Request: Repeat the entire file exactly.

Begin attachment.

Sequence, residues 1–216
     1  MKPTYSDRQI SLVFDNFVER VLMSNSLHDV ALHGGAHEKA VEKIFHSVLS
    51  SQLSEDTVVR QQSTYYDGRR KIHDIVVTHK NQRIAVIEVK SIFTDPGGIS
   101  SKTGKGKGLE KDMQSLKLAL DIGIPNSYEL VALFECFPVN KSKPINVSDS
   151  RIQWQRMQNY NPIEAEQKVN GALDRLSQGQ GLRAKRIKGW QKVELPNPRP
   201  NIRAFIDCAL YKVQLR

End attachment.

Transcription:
Sequence, residues 1–216
     1  MKPTYSDRQI SLVFDNFVER VLMSNSLHDV ALHGGAHEKA VEKIFHSVLS
    51  SQLSEDTVVR QQSTYYDGRR KIHDIVVTHK NQRIAVIEVK SIFTDPGGIS
   101  SKTGKGKGLE KDMQSLKLAL DIGIPNSYEL VALFECFPVN KSKPINVSDS
   151  RIQWQRMQNY NPIEAEQKVN GALDRLSQGQ GLRAKRIKGW QKVELPNPRP
   201  NIRAFIDCAL YKVQLR